A HARE one day ridiculed the short feet and slow pace of the Tortoise, who replied, laughing:  “Though you be swift as the wind, I will beat you in a race.”  The Hare, believing her assertion to be simply impossible, assented to the proposal; and they agreed that the Fox should choose the course and fix the goal.  On the day appointed for the race the two started together.  The Tortoise never for a moment stopped, but went on with a slow but steady pace straight to the end of the course.  The Hare, lying down by the wayside, fell fast asleep.  At last waking up, and moving as fast as he  could, he saw the Tortoise had reached the goal, and was comfortably dozing after her fatigue.  The moral: Slow but steady wins the race.

I think this is easier to understand than most of the parables in the Bible.  It’s also easier to apply to one’s life.  It’s straightforward.  Like the parables, it has a little “Kingdom of God twist” at the end – slow is fast and fast is slow.  But even though it has a twist it’s easy to understand.

I guess that one of the strengths of the parables is that they are not straightforward. Through the use of the parables Jesus teaches people that God’s Law is not just a list of rules.  There are ambiguities and extenuating circumstances.  Jesus objects to the religious practice of enforcing the Law with punishments rather than education and encouragement.  Jesus wants them to know that the Kingdom of God is founded on love, not legalism.  He wants to teach them that true love requires empathy, imagination, action, and the leading of the Holy Spirit.

In the final analysis it may be that the parables are hard to understand only because the Kingdom of God and the principles that govern it are hard to understand.  So much of what Jesus says bangs up against our societal training to be selfish, competitive, and successful.

I’m ending this discussion with God’s word delivered through Psalm 78:1-2, written long before Jesus was born  – “Listen, my people, to my teaching and pay attention to what I say.  I am going to use wise sayings and explain mysteries from the past, things we have heard and known, things that our fathers told us.”

Indeed Jesus wanted to tell us about many secrets and mysteries.  I will continue try to pay attention and see how much of it I can absorb, even though some of them seem to be somewhat of a mystery wrapped in an enigma.  I would prefer to deal with something simpler like a rabbit and a turtle and the perils of overconfidence.  In cartoon format of course. That would help a lot.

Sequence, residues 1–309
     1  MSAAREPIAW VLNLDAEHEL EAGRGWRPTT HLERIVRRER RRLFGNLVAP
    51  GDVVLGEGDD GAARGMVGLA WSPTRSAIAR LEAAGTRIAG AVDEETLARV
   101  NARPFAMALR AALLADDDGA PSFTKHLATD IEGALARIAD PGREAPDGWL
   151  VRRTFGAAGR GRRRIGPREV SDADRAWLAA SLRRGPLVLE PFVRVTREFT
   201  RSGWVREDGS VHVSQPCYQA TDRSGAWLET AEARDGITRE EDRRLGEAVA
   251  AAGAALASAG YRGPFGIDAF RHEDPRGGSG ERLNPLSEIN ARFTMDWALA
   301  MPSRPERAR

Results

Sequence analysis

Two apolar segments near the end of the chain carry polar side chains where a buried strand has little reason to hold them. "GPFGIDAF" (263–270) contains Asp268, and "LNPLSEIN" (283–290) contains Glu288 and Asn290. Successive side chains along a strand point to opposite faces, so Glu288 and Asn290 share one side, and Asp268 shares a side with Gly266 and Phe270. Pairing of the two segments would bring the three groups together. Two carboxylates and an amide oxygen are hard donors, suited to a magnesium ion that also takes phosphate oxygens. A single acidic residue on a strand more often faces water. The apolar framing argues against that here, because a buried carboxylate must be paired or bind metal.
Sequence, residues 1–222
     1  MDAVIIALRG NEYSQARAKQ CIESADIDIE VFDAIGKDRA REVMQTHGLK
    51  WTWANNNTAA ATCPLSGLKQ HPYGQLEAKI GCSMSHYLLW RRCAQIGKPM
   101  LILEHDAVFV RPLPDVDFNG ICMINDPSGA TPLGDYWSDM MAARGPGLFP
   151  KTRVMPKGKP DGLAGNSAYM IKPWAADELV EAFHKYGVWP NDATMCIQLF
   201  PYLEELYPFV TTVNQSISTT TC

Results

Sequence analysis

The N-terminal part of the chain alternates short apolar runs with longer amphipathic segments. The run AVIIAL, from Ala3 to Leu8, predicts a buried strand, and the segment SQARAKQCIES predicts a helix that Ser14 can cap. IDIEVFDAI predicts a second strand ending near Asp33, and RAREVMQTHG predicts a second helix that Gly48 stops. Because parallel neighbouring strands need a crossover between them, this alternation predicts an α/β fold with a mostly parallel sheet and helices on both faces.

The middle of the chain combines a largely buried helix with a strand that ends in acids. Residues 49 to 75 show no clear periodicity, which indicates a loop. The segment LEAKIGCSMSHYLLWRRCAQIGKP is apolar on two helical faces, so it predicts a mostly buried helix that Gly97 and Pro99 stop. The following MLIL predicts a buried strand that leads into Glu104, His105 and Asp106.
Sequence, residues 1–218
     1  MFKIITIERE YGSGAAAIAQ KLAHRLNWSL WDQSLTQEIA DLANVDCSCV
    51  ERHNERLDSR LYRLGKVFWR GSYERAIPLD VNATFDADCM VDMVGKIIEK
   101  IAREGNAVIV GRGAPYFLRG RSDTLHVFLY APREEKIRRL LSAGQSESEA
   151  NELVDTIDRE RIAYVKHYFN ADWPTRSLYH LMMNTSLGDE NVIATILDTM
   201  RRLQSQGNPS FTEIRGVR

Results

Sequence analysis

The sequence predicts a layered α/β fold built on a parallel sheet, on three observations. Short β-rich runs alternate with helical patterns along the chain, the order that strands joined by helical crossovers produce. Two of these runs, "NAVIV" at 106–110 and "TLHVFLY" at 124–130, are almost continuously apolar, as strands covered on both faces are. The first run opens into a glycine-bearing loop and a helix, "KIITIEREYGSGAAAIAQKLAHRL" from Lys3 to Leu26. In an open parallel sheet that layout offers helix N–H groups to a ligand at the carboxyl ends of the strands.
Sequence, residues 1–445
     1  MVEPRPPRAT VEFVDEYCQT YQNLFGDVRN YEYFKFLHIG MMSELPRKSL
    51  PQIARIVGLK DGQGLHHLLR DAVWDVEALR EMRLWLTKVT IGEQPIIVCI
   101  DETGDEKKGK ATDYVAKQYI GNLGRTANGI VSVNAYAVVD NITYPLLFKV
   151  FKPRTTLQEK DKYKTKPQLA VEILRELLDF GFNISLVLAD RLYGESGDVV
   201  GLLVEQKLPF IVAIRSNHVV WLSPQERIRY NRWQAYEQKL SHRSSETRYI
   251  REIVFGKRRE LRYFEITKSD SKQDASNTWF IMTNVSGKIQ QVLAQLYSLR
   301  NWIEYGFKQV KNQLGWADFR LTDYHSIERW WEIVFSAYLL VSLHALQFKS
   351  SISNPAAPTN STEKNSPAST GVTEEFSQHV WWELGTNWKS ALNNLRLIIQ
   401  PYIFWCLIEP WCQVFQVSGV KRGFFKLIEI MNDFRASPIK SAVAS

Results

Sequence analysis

What does this scripture say to you?


One thought on “Day 126: Matthew 13:11-13

  1. Why does Jesus speak in parables?
    John- I have to agree that parables are not easy to understand.
    Relative to what Jesus’ says about understanding parables what befuddles me is that of the 40 plus parables there are only two parables in Matthew as far as I can see that have extended explanations. The rest of them just lay out the parable and you have to take it from there. As the Wikipedia says, mostly a parable is supposed to be understood or at least responded to at face value. I remember Rubenstein was asked what a piano piece was supposed to mean. He simply played the piece over again.
    So over the years I have struggled with making sense with the statements about speaking in parables (1 3.10-16) and (13.34-35).
    In the first the disciples ask, “Why do you use parables when you speak to the crowds?” and Jesus goes on to say that, “They haven’t received the secrets of the kingdom of heaven, but you have.” In the second, almost in contradiction to the first he says, “This was to fulfill what the prophet spoke: “I will declare what has been hidden since the beginning of the worlds.” This suggests that parable is the appropriate manner to deal with the questions of life. Maybe the only knowledge we have is parabolic and every discipline at its deepest is parabolic. We only share parables whether in science, literature, art, philosophy, or any other discipline.
    So what is going on with the two statements of speaking in parables? I mean the crowds were certainly familiar with the material of working in the fields and also the subject matter of all the other parables. So I am befuddled.
    Maybe I need to read about the Jewish understanding of parables. The Jewish Encyclopedia has this background material:
    That the Hebrew designation for “parable” is “mashal” (comp. David Ḳimḥi’s commentary on II Sam. xii. 1-4 and on Isa. v. 1-6) is confirmed by the fact that in the New Testament the Syriac “matla,” corresponding to the Hebrew “mashal,” is used for παραβολή (Matt. xiii. 18, 31, 33; xxi. 45; Mark iv. 2; Luke v. 36, vi. 39). It must be noted, however, that “mashal” is used also to designate other forms in rhetoric, such as the fable and apothegm.